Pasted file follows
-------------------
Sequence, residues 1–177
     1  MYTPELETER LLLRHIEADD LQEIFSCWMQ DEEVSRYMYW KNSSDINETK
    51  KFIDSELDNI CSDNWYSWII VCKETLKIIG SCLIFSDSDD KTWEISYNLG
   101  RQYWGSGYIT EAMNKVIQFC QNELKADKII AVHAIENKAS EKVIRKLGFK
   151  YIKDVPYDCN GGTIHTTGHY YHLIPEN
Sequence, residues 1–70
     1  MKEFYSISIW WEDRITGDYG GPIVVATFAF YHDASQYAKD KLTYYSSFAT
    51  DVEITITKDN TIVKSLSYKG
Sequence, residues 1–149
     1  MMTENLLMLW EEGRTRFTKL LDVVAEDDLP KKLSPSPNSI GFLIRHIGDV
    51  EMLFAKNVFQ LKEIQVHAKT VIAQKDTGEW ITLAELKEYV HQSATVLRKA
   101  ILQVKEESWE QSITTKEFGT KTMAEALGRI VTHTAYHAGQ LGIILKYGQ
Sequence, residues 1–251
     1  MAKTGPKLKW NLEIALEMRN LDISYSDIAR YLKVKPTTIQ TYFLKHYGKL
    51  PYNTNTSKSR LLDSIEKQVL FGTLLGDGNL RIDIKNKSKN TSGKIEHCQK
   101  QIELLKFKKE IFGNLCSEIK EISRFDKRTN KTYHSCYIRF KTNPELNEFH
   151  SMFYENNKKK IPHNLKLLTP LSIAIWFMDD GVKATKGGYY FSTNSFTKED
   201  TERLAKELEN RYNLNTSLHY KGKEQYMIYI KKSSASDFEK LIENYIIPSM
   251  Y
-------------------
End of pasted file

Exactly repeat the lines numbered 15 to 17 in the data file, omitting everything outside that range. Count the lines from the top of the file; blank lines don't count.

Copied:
    51  PYNTNTSKSR LLDSIEKQVL FGTLLGDGNL RIDIKNKSKN TSGKIEHCQK
   101  QIELLKFKKE IFGNLCSEIK EISRFDKRTN KTYHSCYIRF KTNPELNEFH
   151  SMFYENNKKK IPHNLKLLTP LSIAIWFMDD GVKATKGGYY FSTNSFTKED